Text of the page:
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Mossad’s Quest for Coronavirus Kits

That Israel’s prime minister tasked Mossad head Yossi Cohen with a frantic quest to source coronavirus kit in the Gulf is the most serious indictment of Netanyahu yet

by Yossi Melman

Tasking the Mossad head Yossi Cohen to lead the efforts to procure medical equipment and supplies to battle the coronavirus pandemic is an unusual step, and cause for concern. In a national emergency, it is the duty of each and everyone to help their people and nation to overcome the crisis. Many individuals and firms in the health care, science and civilian sectors are contributing to Israel’s efforts.

Cohen’s involvement is welcome too, of course. But laying the responsibility on Israel’s spy agency with medical procurement of this kind and at this level is a clear expression of Benjamin Netanyahu’s total failure of management.

Israel is the only major Western country to act this way. Neither the CIA nor MI6, nor the French or German security services are involved in this field. They leave the procurement to the civil authorities. But within Israel, the Mossad is not alone. The Defense Ministry has been involved in various forms of procurement since Israel’s independence and has accrued much more experience, know-how and capabilities than the Mossad, which possesses no inherent advantage when it comes to the medical field.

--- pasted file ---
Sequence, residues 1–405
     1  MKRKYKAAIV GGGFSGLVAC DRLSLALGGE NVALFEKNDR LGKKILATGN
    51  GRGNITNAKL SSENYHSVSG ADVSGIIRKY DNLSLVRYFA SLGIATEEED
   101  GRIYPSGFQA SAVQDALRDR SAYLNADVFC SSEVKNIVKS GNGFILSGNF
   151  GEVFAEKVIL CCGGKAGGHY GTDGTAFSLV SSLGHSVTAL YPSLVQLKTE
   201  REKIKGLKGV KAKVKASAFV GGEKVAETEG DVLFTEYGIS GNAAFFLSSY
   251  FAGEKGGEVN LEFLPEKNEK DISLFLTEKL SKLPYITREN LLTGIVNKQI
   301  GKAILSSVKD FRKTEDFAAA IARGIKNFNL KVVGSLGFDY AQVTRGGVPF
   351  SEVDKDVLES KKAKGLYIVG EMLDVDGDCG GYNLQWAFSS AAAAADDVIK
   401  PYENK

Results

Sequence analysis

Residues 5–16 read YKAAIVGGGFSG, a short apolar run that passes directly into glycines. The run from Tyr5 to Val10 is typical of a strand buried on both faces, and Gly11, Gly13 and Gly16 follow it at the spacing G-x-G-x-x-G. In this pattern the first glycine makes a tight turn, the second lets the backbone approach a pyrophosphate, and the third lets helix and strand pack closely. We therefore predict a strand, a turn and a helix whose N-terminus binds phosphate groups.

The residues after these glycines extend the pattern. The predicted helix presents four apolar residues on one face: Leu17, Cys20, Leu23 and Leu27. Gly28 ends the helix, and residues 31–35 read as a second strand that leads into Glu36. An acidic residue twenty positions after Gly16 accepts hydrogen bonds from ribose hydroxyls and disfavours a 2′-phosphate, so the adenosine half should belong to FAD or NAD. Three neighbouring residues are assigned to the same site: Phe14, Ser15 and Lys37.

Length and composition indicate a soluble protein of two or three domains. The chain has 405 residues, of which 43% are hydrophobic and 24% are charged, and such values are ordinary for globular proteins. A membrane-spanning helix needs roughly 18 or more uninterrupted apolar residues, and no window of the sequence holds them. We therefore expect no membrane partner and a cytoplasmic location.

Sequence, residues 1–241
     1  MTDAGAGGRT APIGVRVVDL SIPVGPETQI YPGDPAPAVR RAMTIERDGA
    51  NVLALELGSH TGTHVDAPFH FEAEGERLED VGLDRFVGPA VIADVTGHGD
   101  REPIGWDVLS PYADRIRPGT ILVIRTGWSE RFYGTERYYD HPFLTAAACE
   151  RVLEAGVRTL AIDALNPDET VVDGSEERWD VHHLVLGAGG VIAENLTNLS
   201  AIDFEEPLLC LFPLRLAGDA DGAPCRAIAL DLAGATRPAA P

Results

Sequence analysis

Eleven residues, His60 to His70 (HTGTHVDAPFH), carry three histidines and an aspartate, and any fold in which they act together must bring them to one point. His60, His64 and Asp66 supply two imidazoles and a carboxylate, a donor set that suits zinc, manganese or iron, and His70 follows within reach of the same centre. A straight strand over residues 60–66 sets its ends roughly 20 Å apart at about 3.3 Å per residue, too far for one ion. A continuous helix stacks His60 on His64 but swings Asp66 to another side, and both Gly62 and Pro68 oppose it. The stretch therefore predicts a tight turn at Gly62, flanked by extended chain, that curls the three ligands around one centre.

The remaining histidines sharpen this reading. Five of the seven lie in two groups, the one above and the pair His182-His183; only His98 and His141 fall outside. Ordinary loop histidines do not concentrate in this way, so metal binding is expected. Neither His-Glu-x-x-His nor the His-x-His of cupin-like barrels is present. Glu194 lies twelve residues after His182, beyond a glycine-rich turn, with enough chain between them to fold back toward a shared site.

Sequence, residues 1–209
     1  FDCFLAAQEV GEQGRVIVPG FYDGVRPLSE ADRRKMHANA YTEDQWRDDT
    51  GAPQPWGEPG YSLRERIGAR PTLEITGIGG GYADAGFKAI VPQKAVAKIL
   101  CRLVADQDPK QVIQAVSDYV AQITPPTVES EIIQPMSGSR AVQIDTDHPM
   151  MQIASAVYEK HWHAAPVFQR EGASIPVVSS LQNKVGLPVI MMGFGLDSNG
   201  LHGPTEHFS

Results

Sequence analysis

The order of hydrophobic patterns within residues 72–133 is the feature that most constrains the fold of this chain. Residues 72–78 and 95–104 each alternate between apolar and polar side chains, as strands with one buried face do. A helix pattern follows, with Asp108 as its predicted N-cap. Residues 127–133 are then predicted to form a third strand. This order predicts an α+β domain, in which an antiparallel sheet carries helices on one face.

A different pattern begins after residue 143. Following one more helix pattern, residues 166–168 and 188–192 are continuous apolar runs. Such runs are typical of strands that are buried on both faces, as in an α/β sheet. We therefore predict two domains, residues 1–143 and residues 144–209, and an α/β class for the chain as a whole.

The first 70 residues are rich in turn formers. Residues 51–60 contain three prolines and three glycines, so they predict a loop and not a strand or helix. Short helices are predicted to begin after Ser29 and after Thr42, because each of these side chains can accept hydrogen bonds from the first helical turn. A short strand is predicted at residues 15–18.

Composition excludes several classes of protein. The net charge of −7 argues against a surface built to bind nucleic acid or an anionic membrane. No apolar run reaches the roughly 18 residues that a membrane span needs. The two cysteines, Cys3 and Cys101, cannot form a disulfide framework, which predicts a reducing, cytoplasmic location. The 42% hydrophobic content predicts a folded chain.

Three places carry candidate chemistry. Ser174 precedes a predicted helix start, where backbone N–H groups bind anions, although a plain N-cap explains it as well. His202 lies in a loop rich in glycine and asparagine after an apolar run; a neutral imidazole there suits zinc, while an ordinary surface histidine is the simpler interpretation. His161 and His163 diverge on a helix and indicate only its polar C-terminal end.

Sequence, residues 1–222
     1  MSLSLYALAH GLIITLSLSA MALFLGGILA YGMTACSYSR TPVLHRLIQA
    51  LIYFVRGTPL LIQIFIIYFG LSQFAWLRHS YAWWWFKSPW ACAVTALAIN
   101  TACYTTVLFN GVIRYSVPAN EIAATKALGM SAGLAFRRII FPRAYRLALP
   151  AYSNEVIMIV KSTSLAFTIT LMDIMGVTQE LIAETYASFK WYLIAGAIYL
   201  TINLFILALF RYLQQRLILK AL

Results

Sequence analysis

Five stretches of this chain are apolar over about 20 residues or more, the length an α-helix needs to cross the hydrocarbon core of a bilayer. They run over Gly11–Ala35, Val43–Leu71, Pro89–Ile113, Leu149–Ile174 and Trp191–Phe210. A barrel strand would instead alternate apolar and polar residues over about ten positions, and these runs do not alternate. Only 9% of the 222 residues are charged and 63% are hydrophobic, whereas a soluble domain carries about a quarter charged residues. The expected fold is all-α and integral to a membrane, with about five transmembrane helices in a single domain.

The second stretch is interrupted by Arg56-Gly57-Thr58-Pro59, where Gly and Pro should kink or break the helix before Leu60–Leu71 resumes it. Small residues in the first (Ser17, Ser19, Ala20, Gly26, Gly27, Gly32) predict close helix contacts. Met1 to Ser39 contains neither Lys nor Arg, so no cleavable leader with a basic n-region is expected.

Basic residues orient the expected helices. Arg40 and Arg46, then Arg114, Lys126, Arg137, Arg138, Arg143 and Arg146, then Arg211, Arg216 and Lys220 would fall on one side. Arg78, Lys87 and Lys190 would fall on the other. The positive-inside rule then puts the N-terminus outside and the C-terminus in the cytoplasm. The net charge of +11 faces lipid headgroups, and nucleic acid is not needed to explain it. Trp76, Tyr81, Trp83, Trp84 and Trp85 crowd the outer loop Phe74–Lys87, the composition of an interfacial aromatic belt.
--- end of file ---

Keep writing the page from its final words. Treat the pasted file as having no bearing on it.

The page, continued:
Abu Dhabi's Crown Prince Sheikh Mohammed bin Zayed al-Nahyan is tested for COVID-19 at a mobile test center in Abu Dhabi, UAE. March 28, 2020 Photo credit: MINISTRY OF PRESIDENTIAL AFFAI

However, the Mossad’s expertise is to utilize its quiet contacts, especially in the Arab and Muslim worlds. Israel has diplomatic relations with around 100 countries; the Mossad has undisclosed ties with nearly 140 states. And even more tangibly, Netanyahu chosen Cohen to lead the procurement efforts because the two are very close – and the ever-suspicious Netanyahu trusts him.

It is most likely that Cohen is trying to leverage his contacts to charm his acquaintances - the leaders and heads of intelligence in the Arab world - to persuade them to help Israel’s deteriorating health system. It is likely that the Arab states bought their protective and diagnostic equipment from China. If this is the case, Israel is the only country in the world known to have mobilized its intelligence agency for such a mission. It reflects Netanyahu’s incompetence in managing the crisis.

Netanyahu, more than any other official or minister, is responsible for Israel’s dire situation. His responsibility is threefold. First, as the prime minister for the last 11years; secondly, as self-appointed health minister for six-and-a-half of those years; and thirdly, as appointee of Yaakov Litzman, of the ultra-Orthodox Agudath Israel party, a nomination based on political expediency, who has been given a free ride to further degrade the health care system.

Israel is often seen – and presented – as a financial, scientific and technological powerhouse, and there is no doubt that it punches far above its weight. So the shortage of adequate equipment – not enough beds, especially in intensive care wards, a lack of ventilators, of protective gear for the medical staff at the hospitals and clinics – all of this is a result of Netanyahu’s ideology.